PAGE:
Vulnerability management programs are the meat and potatoes of every comprehensive information security program. It’s not optional anymore; in fact many information security compliance, audit and risk management frameworks require organizations to maintain a vulnerability management program.
If you don’t have a formal vulnerability program, or if your program is ad hoc, there’s no time like the present. In fact, SANS Critical Security Controls #4 calls out continuous vulnerability assessment and remediation as an integral part of risk and governance programs.
If you’re still thinking about vulnerability management as a tactical operations tool to use occasionally there are a lot of good reasons to reconsider. It should be one of the cornerstones of your security program. At KSG, we have implemented numerous vulnerability management programs.
Vulnerability management can be defined as “the cyclical practice of identifying, classifying, remediating, and mitigating vulnerabilities.”1 Organizations use vulnerability management to preemptively defend against the exploitation of vulnerabilities in company applications, software and networks. Organizations that can effectively implement vulnerability management will be significantly safer from data breaches and theft. This process can be viewed in five key steps:
- Outline vulnerability management policy.
- Discover existing vulnerabilities.
- Analyze current level of security and rank vulnerabilities by threat level/remediation actions required.
- Mitigate the causes of vulnerabilities.
- Maintain security through ongoing testing and discovery.
Vulnerability Management Policy
Defining policy is the crucial first step of vulnerability management. An effective vulnerability management policy should do the following:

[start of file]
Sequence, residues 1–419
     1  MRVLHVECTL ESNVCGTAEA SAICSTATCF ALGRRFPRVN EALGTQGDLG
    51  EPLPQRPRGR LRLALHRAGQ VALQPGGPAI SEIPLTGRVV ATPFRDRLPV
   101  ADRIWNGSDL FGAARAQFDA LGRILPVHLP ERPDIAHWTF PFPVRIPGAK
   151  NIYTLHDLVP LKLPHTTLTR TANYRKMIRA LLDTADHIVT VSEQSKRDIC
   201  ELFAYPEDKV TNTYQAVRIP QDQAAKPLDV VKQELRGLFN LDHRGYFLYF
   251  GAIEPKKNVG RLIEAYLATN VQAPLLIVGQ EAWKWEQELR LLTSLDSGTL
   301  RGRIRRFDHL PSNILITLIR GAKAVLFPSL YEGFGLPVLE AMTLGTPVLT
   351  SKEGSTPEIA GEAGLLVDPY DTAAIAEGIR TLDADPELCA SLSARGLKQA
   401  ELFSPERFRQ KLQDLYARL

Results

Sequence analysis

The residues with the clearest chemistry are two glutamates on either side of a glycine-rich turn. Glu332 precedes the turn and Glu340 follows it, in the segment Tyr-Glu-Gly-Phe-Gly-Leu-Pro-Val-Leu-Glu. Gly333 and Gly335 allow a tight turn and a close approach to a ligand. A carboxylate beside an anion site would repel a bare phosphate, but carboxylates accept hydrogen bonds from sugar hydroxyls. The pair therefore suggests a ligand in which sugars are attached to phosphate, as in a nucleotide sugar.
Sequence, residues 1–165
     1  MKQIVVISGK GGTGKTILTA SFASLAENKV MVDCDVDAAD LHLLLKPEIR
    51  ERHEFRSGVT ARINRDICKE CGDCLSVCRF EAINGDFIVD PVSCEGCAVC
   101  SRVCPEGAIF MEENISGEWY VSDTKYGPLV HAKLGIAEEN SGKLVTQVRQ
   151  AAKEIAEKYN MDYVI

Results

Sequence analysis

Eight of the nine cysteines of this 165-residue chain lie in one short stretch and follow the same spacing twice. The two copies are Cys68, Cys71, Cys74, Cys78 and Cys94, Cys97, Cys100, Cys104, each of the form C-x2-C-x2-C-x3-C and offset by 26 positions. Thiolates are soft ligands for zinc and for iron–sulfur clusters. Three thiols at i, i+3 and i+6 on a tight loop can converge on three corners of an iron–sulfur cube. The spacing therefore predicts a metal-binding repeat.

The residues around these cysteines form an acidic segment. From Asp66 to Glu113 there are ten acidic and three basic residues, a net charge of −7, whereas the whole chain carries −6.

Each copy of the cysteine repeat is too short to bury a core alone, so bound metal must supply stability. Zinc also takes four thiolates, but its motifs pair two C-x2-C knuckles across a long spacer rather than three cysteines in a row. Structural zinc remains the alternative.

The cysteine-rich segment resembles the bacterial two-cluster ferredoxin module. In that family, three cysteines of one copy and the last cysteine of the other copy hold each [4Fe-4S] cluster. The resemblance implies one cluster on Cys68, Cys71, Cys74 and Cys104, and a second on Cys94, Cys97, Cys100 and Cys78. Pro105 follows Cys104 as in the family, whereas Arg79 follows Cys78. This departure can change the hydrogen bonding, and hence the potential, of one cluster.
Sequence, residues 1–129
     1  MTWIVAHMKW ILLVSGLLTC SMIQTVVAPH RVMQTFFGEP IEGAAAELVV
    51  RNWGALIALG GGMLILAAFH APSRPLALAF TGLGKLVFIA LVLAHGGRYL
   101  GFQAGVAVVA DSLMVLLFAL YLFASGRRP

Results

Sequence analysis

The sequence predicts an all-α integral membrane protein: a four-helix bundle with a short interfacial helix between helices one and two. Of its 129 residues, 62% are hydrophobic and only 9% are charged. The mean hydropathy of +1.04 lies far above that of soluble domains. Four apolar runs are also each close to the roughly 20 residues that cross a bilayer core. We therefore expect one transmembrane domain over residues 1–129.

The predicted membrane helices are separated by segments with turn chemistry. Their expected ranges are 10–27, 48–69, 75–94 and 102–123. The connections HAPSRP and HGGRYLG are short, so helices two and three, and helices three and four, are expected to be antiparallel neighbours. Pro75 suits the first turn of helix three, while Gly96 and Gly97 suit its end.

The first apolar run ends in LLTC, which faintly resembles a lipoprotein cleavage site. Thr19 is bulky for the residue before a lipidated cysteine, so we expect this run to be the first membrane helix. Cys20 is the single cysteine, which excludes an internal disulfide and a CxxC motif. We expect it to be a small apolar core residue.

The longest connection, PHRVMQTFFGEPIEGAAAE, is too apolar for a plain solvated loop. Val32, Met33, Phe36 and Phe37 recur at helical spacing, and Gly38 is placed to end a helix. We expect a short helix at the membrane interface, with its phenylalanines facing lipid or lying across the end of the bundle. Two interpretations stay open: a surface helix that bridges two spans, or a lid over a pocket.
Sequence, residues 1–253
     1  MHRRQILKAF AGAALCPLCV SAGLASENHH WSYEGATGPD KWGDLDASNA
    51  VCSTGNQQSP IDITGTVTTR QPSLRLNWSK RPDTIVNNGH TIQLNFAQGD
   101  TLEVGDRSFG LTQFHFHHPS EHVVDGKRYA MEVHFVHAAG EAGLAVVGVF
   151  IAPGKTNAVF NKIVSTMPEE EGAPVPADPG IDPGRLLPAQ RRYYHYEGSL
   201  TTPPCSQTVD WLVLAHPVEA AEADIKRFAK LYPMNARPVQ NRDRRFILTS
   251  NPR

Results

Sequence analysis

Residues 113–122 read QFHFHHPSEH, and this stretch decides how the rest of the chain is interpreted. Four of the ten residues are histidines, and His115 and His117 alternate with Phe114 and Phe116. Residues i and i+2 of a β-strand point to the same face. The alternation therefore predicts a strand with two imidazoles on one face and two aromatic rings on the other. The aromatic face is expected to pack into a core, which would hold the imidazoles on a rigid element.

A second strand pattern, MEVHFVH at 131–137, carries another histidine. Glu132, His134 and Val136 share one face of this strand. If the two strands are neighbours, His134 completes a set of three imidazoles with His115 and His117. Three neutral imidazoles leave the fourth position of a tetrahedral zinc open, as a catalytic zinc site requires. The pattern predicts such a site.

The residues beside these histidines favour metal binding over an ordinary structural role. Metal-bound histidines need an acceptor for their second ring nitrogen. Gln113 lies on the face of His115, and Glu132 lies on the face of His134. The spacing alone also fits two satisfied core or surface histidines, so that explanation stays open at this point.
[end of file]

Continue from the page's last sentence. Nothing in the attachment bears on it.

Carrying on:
- Define the level of security that an organization wants to maintain.
- Set guidelines for vulnerability management practices (from testing to remediation and maintenance).
- Classify vulnerabilities by risk/threat and remediation effort.
- Determine how often scans will be performed and allotted remediation times.
- Define access-control policy for all devices connected to company networks.
- Outline the consequences of noncompliance with vulnerability management policy.
Vulnerability Management Solutions
There are many commercially available vulnerability management solutions. These offerings range from automated vulnerability management systems to vulnerability management tools that require implementation by the organization. Vulnerability management solutions often include features such as policy management, application scanning/testing, vulnerability remediation, network and vulnerability monitoring, and reporting (vulnerabilities, compliance issues, etc). Effective solutions should offer scalability and ease of implementation/integration. It is also important that vulnerability management solutions provide tracking and metrics for measuring success.
Combining Threat and Vulnerability Management
The effectiveness of vulnerability management depends on the organization’s ability to keep up with current security threats and trends. Today’s application security threatscape is constantly evolving and, as a result, organizations need to be proactive in their threat and vulnerability management efforts. Most vulnerability management tools or systems will provide updates as new threats emerge, but organizations should still engage in threat research and analysis on a regular basis.
Network Vulnerability Management
A comprehensive organizational cybersecurity program requires that enterprises engage in both application and network vulnerability management. While application vulnerability management protects the “front door” to a company’s data, network vulnerability management protects the “back door.” Both must be secured for an enterprise to adequately protect its critical data. Organizational security teams must integrate their network security vulnerability management efforts with their application security efforts to ensure that new threats are protected across both layers.
Network vulnerability management typically involves the use of tools such as antivirus programs, firewalls and/or intrusion detection systems. In addition to using these tools, security teams should regularly run security tests against the network from the outside in. This tests the network from the attacker’s perspective, allowing testers to discover vulnerabilities before attackers have the chance.